At long last, the actual "Battle of the Sexes" takes place, and while Riggs actually manages to put up a good fight, King is triumphant.  The film ends with Ted telling King that one day we'll be free to be who we are and love who we love, but for now...she needs to celebrate having changed the times.

It's pretty astonishing that Battle of the Sexes came from co-directors Jonathan Dayton and Valerie Faris and by screenwriter Simon Beaufoy.  Beaufoy has written an Oscar-winning script (Slumdog Millionaire) and some other good films (Salmon Fishing in the Yemen, 127 Hours).  As such, there is simply no explanation that I can find to make sense of this dry, dull, pedantic script.  Battle of the Sexes should be and could have been an exciting feature about a proxy fight to make gender equality closer to reality.

Instead, Battle of the Sexes is a lousy script, making things so dry, rote, and sometimes unintentionally hilarious.  I have no way of knowing whether or not the film sticks close to the truth when it comes to Larry and Billie Jean's relationship, but late in Battle of the Sexes, Larry obliquely offers his wife a chance for him to send for her mistress.  Real or not, this not only made Larry one of the greatest cuckolds of all time, but a shockingly wimpy one.  His discovery of his wife's infidelity/lesbianism is when, after he and Marilyn both simultaneously stop at Billie Jean's hotel room, he finds a pink bra in the bathroom.

The music, the imagery, and Stowell's performance all try to make this look so heartbreaking.  It ends up looking hilarious: the pink bra broke this seemingly perfect marriage!  I was reminded of Airplane!, when, as the husband suffers from food poisoning, the wife thinks 'Jim never vomits at home'.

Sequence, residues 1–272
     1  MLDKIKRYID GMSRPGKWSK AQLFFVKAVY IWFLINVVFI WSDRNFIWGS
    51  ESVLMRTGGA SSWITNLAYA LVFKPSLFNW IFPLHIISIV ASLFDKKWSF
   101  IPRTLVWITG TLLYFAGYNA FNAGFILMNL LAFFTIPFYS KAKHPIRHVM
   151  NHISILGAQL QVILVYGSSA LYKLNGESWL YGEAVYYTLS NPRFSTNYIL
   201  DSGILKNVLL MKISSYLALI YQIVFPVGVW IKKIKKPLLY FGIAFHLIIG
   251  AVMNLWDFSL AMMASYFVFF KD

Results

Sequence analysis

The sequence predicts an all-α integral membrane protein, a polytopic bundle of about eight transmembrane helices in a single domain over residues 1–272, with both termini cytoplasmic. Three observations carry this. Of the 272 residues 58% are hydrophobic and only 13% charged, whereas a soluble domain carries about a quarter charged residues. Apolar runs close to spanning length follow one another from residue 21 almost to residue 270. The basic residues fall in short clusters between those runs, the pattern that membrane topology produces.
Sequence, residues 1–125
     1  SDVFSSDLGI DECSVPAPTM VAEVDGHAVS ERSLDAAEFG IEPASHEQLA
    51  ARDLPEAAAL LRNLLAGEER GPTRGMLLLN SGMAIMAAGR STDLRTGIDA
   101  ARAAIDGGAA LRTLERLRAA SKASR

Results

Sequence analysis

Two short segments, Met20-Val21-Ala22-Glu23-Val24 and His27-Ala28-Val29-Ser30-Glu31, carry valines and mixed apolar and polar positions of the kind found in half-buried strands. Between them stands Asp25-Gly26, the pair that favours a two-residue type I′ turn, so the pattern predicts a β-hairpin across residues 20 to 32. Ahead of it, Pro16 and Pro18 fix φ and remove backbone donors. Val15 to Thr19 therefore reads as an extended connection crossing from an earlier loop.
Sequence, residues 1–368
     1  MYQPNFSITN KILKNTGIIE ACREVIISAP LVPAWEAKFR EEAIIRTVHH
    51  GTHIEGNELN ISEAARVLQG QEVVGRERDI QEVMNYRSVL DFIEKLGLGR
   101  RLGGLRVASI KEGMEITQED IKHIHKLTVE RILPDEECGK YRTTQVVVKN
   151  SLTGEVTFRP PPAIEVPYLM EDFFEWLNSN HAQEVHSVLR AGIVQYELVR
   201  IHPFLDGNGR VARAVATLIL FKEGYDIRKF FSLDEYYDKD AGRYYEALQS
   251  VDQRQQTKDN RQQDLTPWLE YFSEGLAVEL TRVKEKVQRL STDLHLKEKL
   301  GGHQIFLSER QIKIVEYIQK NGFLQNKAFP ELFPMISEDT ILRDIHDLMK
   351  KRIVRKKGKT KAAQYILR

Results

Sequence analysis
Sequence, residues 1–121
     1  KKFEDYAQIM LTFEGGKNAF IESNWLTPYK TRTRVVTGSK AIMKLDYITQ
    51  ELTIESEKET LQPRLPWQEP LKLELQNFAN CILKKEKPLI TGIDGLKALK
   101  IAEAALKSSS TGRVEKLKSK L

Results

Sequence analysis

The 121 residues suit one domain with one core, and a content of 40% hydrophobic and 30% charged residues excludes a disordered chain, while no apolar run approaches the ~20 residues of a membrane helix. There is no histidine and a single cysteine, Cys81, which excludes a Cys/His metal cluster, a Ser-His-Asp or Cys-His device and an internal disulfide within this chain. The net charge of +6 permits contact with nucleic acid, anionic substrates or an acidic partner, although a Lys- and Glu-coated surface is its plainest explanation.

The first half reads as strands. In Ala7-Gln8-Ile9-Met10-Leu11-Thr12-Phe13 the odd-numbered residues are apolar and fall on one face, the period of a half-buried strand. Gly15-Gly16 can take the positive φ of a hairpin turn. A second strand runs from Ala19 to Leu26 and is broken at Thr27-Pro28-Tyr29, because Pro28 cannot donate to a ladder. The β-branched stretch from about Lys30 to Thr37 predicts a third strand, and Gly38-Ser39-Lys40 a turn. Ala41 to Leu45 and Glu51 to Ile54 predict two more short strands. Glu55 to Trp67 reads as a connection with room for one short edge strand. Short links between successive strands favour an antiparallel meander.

There's something wildly wrong with a movie when a 'dramatic scene' reminds you of Airplane!

As a side note, it reminds of a story I read about how Queen Alexandra sent for her husband's mistress, Alice Keppel, as King Edward VI was dying.  On hearing this, another person commented she too would have sent the King's car to Mrs. run her over.

Moreover, Battle of the Sexes sometimes thinks the audience knows or should know more than it does.  There are many examples of this.  To quote Cary Grant in The Philadelphia Story, Billie Jean King 'just went gay all of a sudden', the music and imagery doing the heavy lifting to illustrate her apparently sudden sexual desires, or Marilyn hitting on a married woman with nary an indication that King was anything other than straight.  When Margaret 'The Arm' Court joins the circuit, I asked, 'Who's Margaret Court?'  We had never seen or heard who this figure is, so when she joins the tour the other female tennis players are delighted, but non-tennis viewers will be puzzled.

We also have stabs at the personal with Riggs, though seeing his son pop out of nowhere does not help, nor his sudden and unexplained decision to not join his father at the Astrodome where the exhibition match is at.  As we were told how King was going to approve all aspects of the 'Battle of the Sexes', I have to figure she approved of being carried to the match on a Cleopatra-type throne.

For those of us not alive at the time of Battle of the Sexes, we just wonder where almost everything is coming from.  We can also wonder whether the film was more interested in King's growing lesbianism than in her actual tennis match, as the film wants to have it both ways.  It wants to make her burgeoning sexuality a major part of the story where apparently everyone winks at it, but also wants us to cheer this opaque figure on her fight for gender equality.